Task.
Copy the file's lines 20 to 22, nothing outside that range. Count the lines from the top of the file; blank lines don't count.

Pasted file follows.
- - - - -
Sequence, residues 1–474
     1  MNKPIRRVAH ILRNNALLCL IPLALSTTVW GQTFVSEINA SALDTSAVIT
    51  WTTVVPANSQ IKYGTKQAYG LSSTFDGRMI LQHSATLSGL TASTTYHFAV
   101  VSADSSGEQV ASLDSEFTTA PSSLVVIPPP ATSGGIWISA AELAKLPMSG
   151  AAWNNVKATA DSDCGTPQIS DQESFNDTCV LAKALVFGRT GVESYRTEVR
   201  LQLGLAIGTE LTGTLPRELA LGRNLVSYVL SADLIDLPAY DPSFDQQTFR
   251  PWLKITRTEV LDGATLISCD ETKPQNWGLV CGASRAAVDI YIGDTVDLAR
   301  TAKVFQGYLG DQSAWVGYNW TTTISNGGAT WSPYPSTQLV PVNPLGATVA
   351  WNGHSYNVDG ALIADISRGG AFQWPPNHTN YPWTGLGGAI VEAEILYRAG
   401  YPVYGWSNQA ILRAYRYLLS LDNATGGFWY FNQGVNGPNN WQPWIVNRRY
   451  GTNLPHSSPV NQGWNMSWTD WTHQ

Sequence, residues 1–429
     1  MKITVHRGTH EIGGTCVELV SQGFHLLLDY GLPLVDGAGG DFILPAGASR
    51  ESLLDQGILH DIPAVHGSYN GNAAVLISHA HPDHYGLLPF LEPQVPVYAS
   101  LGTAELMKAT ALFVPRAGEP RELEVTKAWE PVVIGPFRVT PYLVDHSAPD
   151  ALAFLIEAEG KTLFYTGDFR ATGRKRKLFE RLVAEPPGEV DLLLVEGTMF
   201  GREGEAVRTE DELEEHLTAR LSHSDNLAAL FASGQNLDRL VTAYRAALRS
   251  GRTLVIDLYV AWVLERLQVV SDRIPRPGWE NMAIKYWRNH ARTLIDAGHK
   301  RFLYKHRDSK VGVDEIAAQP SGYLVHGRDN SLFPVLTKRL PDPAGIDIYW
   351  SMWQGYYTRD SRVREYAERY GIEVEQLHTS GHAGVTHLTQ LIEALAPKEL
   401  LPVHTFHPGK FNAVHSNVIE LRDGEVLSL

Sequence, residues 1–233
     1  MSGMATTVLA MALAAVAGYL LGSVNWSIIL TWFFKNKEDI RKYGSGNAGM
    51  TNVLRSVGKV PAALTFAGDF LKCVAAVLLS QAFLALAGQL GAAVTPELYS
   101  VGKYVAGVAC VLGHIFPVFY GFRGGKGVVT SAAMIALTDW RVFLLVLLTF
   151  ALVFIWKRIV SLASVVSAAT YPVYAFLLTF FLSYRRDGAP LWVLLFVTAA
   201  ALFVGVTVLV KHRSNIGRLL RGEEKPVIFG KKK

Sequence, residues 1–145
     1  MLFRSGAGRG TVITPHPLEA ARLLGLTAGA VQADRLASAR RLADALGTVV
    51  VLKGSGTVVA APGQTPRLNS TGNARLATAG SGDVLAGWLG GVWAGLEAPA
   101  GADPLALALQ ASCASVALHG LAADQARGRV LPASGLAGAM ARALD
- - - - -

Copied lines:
   351  SMWQGYYTRD SRVREYAERY GIEVEQLHTS GHAGVTHLTQ LIEALAPKEL
   401  LPVHTFHPGK FNAVHSNVIE LRDGEVLSL

Sequence, residues 1–233